True or not, the perception of decline indicates an uncertainty about how, or whether, we could all agree on basic ethical norms in public life. Is it all simply a matter of opinion, my view versus yours. Can we no longer talk about the difference between right and wrong?
    The reason why this is about trust is because above all else the word is about an expectation of someone else’s behaviour, namely, that they will abide by the rules we know. So discussion of a crisis or decline in trust might really be about the uncertainty of ethical norms. “The reflexive use of the word trust is really an invocation on ‘public morality’; the use of the single word is an inadequate compensation for not being able to reason our ethics in public life,”

    The reality is that we depend more and more on trusting expert systems which ensure that our food is healthy, our medicines work, our new cars don’t crash. For all our complaints about loss of trust, we continue to be very trusting in everyday behaviors. But we are anxious because the speed, mobility and information overload of our lives have long since outstripped the mechanisms our forebears used to judge trust – such as personal relationship, deference, family connection and local reputation.

    We trust because we often don’t have much choice, but it’s grudging and nervy and we like complaining about a loss or crisis of trust. That personal anxiety is projected on to public life and is being used to mask the absence of a much-needed debate about the values and behaviour we expect of the powerful institutions which shape our public life.

    March 28, 2012 at 12:14 pm

    • Brothaman, you gave me much to chew on and consider!

      The conversation on morality is and interesting one. A haven’t always thought this way, but I feel that a more present sense of morality will depend on folks agreeing to a common standard in any given locale(and eventually a wider and wider dialogue with others to consult and reflect on those standards), and basing those standards not on existing or past standards, nor the fleeting personal whims of individuals who feel that their own personal autonomy exempts them from being accountable to that social agreement. We presently adhere to such a social contract in the form of laws that govern our states or countries. Some of the elements of that social contract are simpler to navigate because of our experience with it, though I would argue that the present legal system as we know it has some blinding flaws. Point is, no matter how freedom-oriented any individual among us is, we are familiar with subjecting some of our personal sovereignty to a larger social order.

      I’d argue that moral code has been offered as long as we can look back in human history through figures such as Buddha, Zoroaster, Moses, Christ, Muhammad and most recently the Báb and Bahá’u’lláh to name just a few in that long line. A challenge in keeping that evolving moral code in perspective is that many have tried to impose their own interpretation and cultural code to it, making something flexible and evolving very brittle and suffocating over time, leaving little room for the passing of generations, centuries and the maturation of the human species into account. Thus, my perspective is that religious and spiritual understanding is designed to evolve and grow as we do. Easier said than done, I know:)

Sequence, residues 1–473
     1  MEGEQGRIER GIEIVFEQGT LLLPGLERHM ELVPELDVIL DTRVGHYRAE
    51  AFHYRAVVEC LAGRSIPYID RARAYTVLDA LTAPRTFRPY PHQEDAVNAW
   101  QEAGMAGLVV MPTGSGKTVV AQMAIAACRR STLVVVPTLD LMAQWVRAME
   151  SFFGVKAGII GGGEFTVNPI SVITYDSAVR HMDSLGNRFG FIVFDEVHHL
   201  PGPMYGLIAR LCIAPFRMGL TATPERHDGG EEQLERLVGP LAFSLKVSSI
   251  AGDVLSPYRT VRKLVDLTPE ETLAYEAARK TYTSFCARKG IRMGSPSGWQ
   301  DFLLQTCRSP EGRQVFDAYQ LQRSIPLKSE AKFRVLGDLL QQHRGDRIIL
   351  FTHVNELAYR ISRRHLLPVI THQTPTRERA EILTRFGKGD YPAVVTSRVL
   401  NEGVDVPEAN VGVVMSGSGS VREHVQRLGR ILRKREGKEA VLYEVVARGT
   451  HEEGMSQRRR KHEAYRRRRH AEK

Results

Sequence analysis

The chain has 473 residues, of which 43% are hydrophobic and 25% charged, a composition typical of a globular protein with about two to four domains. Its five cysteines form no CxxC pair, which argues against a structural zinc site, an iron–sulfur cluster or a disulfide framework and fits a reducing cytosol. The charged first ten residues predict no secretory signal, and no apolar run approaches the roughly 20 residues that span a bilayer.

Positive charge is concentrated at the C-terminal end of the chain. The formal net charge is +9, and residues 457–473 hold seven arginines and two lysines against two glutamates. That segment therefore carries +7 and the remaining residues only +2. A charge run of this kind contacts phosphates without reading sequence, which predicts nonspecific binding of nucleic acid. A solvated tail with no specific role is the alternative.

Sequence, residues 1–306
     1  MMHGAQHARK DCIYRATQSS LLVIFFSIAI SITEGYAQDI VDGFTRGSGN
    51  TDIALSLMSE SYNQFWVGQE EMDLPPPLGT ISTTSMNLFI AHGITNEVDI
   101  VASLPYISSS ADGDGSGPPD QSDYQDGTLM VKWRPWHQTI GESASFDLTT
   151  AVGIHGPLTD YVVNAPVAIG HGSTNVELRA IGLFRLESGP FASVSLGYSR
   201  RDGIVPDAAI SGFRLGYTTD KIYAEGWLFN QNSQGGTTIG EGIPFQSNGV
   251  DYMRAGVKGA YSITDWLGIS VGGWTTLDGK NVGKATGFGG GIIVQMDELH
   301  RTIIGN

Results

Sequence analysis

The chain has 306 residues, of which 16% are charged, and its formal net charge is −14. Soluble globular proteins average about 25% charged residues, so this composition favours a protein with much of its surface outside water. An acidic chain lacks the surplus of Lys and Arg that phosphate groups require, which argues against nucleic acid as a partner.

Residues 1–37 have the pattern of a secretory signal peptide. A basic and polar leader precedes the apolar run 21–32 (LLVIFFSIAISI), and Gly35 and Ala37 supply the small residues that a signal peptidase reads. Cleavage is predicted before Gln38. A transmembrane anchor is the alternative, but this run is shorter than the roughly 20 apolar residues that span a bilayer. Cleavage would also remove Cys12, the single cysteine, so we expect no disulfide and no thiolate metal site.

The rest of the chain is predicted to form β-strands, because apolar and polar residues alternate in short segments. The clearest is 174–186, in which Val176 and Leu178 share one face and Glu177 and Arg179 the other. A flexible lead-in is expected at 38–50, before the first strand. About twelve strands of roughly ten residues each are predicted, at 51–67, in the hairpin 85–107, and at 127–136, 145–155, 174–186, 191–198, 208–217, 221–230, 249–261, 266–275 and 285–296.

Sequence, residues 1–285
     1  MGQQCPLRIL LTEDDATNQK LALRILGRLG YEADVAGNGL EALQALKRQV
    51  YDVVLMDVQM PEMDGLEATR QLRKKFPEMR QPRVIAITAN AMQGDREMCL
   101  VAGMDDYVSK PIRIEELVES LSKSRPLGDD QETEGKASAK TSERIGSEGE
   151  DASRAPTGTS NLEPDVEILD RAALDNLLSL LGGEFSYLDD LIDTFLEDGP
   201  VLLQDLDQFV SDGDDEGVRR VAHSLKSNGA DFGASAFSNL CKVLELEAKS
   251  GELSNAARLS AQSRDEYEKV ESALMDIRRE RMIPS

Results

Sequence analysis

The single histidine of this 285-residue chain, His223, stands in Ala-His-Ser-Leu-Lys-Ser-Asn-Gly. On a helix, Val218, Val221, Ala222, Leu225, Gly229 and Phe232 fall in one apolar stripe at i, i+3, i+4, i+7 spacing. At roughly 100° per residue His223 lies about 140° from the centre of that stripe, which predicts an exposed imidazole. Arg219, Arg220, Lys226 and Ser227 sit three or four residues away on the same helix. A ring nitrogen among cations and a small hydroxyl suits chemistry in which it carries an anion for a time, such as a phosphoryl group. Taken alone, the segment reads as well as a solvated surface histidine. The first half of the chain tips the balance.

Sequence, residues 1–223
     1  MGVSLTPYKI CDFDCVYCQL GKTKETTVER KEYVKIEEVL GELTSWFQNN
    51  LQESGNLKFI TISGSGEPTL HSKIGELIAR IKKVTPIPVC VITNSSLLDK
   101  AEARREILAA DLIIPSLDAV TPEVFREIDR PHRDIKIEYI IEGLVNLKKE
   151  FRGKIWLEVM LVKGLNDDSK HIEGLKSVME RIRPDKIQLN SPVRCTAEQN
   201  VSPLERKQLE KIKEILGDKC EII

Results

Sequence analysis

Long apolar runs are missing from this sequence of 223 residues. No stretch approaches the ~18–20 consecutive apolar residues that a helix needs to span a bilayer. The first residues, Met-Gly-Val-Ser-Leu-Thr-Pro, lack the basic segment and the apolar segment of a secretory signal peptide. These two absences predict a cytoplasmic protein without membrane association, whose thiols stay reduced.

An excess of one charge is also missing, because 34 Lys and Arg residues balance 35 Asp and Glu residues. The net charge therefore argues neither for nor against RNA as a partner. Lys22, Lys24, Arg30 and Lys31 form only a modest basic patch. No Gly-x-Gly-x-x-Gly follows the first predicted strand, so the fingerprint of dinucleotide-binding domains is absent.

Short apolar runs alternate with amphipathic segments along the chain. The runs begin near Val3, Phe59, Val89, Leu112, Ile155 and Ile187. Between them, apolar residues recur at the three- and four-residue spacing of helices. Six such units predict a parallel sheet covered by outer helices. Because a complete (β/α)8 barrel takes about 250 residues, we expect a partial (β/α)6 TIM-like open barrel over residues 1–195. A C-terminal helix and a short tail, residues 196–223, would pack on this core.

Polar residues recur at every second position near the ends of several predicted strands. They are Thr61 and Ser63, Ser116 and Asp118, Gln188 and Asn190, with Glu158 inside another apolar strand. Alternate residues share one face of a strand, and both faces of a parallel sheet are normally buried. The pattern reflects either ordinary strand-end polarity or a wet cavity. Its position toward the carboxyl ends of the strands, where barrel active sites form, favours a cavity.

The ability of a neighborhood or town to consult and adopt some basic principles to guide interactions and provide a safe space for each person to explore their own expression of those principles in action provides a good starting point for folks to engage more effectively and positively with this budding moral code. We will all, though, have to check ourselves often and frankly to keep the challenging habits and patterns of past communities from hindering that slow and steady progress.

      Obviously, I have more to say, but I’ll let others chime in with thoughts before I assume too much…

      April 4, 2012 at 6:21 pm

      • It’s interesting to think of morality as evolutionary as well. I hadn’t considered that, however I think you are right. Great thread my brother. Talk soon.

        April 5, 2012 at 10:38 am

  3. marcos

    Bravo!! I gotta put the baby to bed. I’ll return with a better post later.

    March 29, 2012 at 1:24 am

  4. Hell.. we can’t even trust ourselves half the time. Yet without it we freeze and close ourselves off to love. So that whole mess of trust, love, forgiveness, joy, peace… it all melds together and we call it life. Walking our journey commands that we do these things, even if it causes us pain and frustration. Because LOVE is what we all seek, in all ways, even if we don’t know it. Those a bit more conscious of it are just that, a bit more conscious. Those that aren’t are still seeking the same thing. We have to.. it’s our nature to want love. I will continue to trust because I choose not to live the alternative. Great writings by everyone. Bravo!!

    March 29, 2012 at 8:14 pm

    • I agree with you, Willow. We do all want that love. The challenge we face with that is that there are many places where love from human to human has been distorted to be purely in the form of sexual or material favors, conditional on expectations that may or may not be from a pure place.

      Many of us will have to reflect deep on our own understanding of love and where that understanding comes from…

      What personal examples informed you of what you are looking for and are able to offer others as far as love goes? Can all of those things be applied universally?

      April 4, 2012 at 6:28 pm

  5. Wonderfully said!!!

    April 11, 2012 at 5:03 am